My first memories of baseball were of listening on the radio on Saturday afternoons, when my step-dad would cook us lunch. I distinctly remember hearing the announcer say, at some juncture, "and Pee-Wee Reese fields that grounder"--I couldn't have been more than age 4 at the time (1951). I went to see a game at old Seals Stadium the first year the Giants came west. I found the complete box score for this game online a few years ago, but I can't find it now. Mike McCormick pitched, Ernie Banks golfed two homers, both Cepeda and Mays hit one. Young Felipe Alou--couldn't have been more than 19 at the time, spoke with my Stepdad in Spanish--"I don know if I stay up, you know, I only got fore homers...." just a big strapping kid. Willie wouldn't come over to the boxes to sign autographs, but my program had nearly everybody else that day--God knows what happened to it, probably sold by my Bro' on e.Bay by now, along with my complete 1958 Topps Baseball Cards!

Ed Baker said...

the program that i had

one side with autographas of the Yankees other side the Senetors

was in a trunk 1959 with my writings notebooks
and when i got back from Mexoco all of my stuufff was chucked by my parents so that they cld use MY trunk to store their IRS tax papers!

shit! that was then> I write about NOW and my 'take'on things

check out moria
( g oo dnight)

or Neighbor via

New Mystics at bottom here:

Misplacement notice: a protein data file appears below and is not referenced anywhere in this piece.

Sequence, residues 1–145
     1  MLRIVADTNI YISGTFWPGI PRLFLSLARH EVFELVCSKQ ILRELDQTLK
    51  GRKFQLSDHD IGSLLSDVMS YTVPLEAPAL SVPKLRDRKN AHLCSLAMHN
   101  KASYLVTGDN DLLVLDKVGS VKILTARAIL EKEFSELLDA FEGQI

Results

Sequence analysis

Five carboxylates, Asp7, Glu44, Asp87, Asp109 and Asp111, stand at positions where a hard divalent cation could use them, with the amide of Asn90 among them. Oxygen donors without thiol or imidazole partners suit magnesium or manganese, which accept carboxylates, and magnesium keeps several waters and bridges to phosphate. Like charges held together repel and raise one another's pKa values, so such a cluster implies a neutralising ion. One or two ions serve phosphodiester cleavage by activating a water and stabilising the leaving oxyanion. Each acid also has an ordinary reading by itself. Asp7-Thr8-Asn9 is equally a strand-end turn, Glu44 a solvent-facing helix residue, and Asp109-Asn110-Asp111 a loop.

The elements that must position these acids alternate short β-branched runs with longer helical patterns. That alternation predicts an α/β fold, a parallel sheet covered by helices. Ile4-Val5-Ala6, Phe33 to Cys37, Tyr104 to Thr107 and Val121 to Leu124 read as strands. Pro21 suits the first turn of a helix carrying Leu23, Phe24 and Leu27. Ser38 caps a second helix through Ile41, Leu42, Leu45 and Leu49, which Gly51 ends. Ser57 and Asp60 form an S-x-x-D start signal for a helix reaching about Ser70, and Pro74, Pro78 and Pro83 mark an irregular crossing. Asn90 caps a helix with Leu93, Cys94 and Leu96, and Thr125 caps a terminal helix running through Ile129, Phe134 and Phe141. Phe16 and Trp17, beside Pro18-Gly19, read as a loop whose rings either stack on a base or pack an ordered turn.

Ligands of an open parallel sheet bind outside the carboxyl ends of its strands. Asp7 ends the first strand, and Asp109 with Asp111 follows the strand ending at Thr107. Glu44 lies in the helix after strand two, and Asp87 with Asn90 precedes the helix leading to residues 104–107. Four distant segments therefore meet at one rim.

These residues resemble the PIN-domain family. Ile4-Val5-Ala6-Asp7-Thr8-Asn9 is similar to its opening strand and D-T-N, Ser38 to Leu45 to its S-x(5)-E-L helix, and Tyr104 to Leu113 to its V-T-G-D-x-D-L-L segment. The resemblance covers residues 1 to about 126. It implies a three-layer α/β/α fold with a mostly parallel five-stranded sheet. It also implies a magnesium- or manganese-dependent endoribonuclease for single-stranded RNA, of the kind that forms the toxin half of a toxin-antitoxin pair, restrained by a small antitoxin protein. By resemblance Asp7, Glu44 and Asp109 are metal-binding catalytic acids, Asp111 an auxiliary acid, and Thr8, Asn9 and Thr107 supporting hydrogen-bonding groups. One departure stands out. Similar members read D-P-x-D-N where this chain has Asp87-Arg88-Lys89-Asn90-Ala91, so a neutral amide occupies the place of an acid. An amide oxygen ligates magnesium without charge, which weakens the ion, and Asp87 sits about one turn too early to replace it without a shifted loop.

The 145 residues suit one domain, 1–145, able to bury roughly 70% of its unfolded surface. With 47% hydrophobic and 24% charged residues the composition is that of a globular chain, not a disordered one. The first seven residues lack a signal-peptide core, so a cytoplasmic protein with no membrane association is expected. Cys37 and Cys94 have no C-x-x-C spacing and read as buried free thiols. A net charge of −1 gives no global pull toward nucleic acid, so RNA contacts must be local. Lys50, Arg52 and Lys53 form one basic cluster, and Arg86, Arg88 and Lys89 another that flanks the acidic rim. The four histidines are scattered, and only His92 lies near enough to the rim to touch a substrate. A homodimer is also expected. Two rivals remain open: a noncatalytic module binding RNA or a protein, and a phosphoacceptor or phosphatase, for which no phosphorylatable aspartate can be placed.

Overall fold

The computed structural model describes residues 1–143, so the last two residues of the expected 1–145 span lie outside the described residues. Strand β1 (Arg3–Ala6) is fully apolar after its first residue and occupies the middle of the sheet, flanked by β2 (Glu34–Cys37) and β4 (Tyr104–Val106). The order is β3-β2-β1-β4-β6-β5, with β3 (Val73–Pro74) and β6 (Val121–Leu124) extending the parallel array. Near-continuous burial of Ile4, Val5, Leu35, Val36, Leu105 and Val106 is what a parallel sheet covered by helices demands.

I live for what it s worth in the write now.. irridatically!

Ed Baker said...

shit! 1951... I was ten years old

Betty Funk in the play-ground said

"I'll show you mine.... if you show me yours."

I disdn't have a clue what she meabt...

1962 I found out in the back seat of my 1955 Buick Special

now GEE MMMM is bust!

so much for fucking!

Ed Baker said...

you had the 1958 complete TOPPS?

we used to sell BB carda a penny each one card with a flat pink slab of bubble gum

I had a cigar box full of cards since we had a grocery stor selling penny candy I ha more BBB cards than anybody

and we used to flip them mathch you get two cards.

I once flipped cards with Mickey Vernon..

in the parking lot. he opened his trunk and gave me a baseball


meanwhile I just wrote 2,200 new poems

Curtis Faville said...

It's all dust, Ed.

It's the "time of your life" (Saroyan).

All we can do is make some present BE THERE, sans any nostalgia or reserve.